There is one, very loud message in a new report from Alkami – now it is digital that matters in banking … really matters.
Understand however: Alkami has not commandeered a soap box in the public square and simply begun to chant that. What it has in fact done is survey “over 1,500 U.S. participants who currently have a bank account and are active in digital banking (check accounts, transfer funds, pay bills online, etc.) and [are] weighted to the 2020 U.S. Census for age, region, gender, and ethnicity for a very low margin of error.”
What the surveyed 1500 said should scare almost all credit union executives.
Here is one of the frightening discoveries: “Regional and community FI account holders are less likely than all other financial provider cohorts to believe their financial relationship will grow over the next year.”
It gets worse: “Younger generations are up for grabs as nearly a quarter of them are unsure if their primary financial institution (PFI) will remain as such in the next year.”
You know the future of just about all credit unions is measured by the younger membership. They also, in many cases, are much more profitable, with credit card debt, debit card usage, maybe a car loan, possibly a home loan.
The older generation stashes money in the credit union and gets paid interest. The younger generation pays to borrow it. There, in brief, is the typical credit union business plan and it has worked for decades.
But now the younger generation is eyeing the exit doors.
Why? They are griping about the creaky digital tools on offer by most credit unions. Remember, the younger consumers may never have written or deposited a paper check. They don’t know what a check register is. Some don’t even much use paper money, preferring to pay for everything with a wave of their cellphone or maybe a swipe of a plastic card. For them, digital isn’t an occasional activity, it’s a way of life.
But, at many credit unions, the digital tools on offer have not significantly improved in 10 years. Sometimes longer. The prevailing credit union philosophy seems to be to treat the mobile banking app as rather like an ATM – well, of course it will be perfectly fine 10 years later … probably 20.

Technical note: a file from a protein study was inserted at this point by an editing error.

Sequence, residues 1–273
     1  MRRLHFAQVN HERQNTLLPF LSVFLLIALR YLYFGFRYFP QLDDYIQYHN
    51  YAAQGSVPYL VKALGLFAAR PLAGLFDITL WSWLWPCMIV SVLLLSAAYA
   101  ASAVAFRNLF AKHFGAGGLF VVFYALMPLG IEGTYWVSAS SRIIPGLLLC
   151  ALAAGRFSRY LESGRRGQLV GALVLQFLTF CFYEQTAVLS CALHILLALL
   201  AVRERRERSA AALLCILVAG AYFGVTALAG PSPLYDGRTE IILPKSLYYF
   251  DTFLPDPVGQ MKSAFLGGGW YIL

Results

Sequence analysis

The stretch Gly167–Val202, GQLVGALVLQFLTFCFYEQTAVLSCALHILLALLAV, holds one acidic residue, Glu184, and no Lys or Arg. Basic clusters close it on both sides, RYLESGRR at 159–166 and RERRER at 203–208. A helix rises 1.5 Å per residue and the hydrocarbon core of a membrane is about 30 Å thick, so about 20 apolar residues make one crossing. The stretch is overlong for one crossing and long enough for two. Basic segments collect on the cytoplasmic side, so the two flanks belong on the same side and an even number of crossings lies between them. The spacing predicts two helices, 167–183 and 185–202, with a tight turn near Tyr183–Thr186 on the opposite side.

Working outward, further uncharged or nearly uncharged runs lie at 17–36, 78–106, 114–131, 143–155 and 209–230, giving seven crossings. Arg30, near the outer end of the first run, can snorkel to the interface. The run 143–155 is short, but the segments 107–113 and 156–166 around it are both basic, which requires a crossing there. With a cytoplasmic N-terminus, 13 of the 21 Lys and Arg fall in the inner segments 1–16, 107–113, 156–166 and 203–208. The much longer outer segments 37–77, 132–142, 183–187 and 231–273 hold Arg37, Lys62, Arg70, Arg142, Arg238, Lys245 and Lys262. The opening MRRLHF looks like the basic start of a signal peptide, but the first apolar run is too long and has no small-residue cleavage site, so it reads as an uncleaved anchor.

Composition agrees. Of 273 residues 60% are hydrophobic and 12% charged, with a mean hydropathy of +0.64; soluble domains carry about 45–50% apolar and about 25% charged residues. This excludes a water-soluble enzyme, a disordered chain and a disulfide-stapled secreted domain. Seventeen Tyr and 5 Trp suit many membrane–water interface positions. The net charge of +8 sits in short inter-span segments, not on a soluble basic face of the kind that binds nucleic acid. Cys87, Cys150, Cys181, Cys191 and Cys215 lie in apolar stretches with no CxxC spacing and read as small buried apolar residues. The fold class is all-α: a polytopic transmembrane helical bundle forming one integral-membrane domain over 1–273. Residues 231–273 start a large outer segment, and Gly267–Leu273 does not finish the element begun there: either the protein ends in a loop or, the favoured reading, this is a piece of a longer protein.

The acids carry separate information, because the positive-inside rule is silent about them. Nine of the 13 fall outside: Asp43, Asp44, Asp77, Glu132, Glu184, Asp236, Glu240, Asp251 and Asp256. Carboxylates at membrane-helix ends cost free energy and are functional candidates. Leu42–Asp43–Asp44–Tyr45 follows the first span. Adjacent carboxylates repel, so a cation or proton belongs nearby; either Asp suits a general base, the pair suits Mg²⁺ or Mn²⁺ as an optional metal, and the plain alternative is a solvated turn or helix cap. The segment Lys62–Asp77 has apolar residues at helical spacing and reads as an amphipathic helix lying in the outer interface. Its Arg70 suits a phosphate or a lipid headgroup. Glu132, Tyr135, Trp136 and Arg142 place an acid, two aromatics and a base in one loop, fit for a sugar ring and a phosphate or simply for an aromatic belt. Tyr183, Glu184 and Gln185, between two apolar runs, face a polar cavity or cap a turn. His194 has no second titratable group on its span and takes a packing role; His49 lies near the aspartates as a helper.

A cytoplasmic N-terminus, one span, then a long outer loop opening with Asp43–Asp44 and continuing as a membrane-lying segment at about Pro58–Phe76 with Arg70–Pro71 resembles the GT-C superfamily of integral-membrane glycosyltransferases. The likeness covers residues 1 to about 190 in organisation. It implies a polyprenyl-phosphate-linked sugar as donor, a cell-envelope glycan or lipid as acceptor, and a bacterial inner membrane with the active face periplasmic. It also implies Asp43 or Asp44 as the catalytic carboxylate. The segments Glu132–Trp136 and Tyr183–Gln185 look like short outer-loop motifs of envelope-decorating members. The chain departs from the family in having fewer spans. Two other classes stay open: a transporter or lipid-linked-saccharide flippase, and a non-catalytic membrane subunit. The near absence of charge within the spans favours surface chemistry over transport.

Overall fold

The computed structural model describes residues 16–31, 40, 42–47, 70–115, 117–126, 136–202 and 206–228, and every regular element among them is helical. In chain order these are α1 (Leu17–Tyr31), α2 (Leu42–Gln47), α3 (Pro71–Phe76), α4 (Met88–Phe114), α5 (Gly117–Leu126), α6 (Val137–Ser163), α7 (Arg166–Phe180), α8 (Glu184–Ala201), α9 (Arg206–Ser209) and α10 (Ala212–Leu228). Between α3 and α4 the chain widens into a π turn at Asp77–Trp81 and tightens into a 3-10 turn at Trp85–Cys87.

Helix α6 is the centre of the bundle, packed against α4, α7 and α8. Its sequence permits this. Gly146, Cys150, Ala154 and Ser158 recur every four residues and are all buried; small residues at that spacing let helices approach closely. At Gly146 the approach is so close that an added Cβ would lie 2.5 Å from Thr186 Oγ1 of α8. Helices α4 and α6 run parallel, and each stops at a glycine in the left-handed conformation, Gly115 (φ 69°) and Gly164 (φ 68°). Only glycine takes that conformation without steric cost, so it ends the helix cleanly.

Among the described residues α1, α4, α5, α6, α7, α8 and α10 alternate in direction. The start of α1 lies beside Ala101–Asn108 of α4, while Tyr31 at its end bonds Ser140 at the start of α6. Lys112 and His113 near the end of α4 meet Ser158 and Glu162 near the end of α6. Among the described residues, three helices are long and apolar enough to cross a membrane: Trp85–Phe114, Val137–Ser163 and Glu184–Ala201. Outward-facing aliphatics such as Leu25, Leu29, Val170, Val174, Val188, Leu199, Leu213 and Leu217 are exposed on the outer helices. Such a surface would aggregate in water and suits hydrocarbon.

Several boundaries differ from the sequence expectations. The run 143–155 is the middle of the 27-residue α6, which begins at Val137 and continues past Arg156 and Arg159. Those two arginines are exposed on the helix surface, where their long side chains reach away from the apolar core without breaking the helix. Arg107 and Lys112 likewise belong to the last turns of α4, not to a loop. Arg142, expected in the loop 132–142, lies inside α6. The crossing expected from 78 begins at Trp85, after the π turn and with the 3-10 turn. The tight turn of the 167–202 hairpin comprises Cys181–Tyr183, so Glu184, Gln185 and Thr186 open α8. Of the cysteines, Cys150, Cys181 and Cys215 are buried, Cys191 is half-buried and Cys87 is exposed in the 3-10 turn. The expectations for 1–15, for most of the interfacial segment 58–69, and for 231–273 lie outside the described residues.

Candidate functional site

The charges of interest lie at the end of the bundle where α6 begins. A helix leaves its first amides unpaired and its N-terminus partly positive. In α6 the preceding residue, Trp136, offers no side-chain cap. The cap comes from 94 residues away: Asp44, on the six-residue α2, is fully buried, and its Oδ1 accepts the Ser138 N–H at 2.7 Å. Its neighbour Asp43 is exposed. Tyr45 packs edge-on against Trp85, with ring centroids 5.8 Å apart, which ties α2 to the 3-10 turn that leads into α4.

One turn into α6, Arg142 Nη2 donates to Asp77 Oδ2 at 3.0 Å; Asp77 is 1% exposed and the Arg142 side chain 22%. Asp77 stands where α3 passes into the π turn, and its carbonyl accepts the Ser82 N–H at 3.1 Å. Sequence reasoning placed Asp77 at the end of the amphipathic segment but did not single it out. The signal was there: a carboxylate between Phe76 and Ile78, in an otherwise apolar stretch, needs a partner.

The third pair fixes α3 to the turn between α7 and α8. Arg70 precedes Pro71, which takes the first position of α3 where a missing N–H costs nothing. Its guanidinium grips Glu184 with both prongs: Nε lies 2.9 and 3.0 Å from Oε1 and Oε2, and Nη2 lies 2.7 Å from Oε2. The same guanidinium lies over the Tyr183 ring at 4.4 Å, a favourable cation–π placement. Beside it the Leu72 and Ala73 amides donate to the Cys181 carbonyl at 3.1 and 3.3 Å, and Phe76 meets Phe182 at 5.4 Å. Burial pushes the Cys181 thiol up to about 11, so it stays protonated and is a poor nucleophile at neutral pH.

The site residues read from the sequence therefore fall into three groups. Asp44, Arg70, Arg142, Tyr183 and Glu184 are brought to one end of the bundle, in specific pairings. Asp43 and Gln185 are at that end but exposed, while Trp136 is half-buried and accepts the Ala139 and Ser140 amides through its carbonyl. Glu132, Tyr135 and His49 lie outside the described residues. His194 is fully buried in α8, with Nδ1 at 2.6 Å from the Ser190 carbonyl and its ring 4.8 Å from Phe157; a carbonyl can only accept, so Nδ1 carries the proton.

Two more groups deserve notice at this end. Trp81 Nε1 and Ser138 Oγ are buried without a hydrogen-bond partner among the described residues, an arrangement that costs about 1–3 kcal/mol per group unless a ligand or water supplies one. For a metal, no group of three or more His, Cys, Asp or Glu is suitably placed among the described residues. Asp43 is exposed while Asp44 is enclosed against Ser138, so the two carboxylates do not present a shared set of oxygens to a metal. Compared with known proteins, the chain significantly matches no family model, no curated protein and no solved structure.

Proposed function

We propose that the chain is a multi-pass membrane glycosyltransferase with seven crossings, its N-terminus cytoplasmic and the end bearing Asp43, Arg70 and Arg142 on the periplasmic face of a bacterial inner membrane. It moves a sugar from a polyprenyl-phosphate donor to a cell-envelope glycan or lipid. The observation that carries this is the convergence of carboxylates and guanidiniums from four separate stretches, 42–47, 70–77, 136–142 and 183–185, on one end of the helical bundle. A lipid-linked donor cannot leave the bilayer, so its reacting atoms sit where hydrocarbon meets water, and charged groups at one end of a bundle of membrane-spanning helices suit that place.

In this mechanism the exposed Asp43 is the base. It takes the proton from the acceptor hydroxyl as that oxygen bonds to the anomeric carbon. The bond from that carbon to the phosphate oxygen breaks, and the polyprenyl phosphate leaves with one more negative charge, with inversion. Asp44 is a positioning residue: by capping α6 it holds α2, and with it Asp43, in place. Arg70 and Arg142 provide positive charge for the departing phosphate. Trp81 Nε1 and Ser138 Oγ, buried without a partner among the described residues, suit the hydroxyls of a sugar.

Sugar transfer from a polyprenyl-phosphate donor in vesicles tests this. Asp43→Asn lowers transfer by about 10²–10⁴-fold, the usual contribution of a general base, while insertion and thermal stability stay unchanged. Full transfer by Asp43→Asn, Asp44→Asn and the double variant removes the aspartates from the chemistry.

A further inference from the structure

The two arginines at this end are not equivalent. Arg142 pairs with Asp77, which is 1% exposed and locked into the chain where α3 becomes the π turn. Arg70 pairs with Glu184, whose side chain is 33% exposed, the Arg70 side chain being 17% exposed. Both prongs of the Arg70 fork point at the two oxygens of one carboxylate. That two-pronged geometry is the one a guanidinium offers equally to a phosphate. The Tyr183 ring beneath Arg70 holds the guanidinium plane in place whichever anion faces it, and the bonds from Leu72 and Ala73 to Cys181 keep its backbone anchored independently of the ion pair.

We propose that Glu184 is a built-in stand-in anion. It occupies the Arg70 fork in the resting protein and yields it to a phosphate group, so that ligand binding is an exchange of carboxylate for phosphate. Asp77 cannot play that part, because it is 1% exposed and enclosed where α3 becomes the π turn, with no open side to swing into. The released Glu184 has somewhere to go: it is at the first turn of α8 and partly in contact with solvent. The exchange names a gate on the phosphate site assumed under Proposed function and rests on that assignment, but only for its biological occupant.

That is not good enough to keep these members. In fact Alkami reported that 48% of Gen Z and Millennials have had such a bad digital banking experience with a FI that they changed institutions. Don’t be surprised. This is the 2022 version of changing FIs because of a bad interaction with a teller.
Where are they going? The Alkami numbers show only half of Gen Z turn to traditional FIs for their financial services. The other half are happy with online only institutions (Chime) or big tech companies (Apple) or fintechs (Venmo).
“When it comes to designing and offering a great digital experience, the urgency and importance have never been higher than right now,” warned Alkami.
Here is the scariest thought you will read in this piece: “The vast majority—nearly two-thirds—of today’s banking consumers have a clear vision that their primary bank will be completely online in five years. In addition, many think that the bank of the future will be a technology company.”
Could you be that FI? Sure. The key is beginning with the realization that nowadays it is digital first in determining a credit union’s future.
The cheering, optimistic news is that never before have there been so many good, future-oriented fintechs that are actively seeking to work with credit unions. Twenty years ago many fintechs curled their lips in disgust when credit unions were mentioned as possible customers. But today, many fintechs realize that credit unions are a terrific market opportunity.
The critical starting point in setting a credit union’s survival strategy: sit down with in-house staff, and perhaps a few outside consultants, and roadmap your credit union’s digital future. Be blunt. Acknowledge what tools need to be swapped out ASAP. But don’t be distracted by shiny objects. Today’s fintech marketplace is flooded with many “nice to have but not essential” tools (crypto tools are a case in point for most credit unions). Drill down to the basics – good online banking, better mobile banking, good P2P payments tools (which may mean not what your core vendor is offering), and possibly a Buy Now Pay Later (BNPL) tool (still trending with Gen Z).
Get the basic toolset working – test it on Gen Z and also on seniors (who have in fact increasingly grown to like digital tools).
Keep getting better. Tech today is in continual improvement. What worked last year probably isn’t good enough for next year. Always be progressing and getting better.
There is no other path to relevance.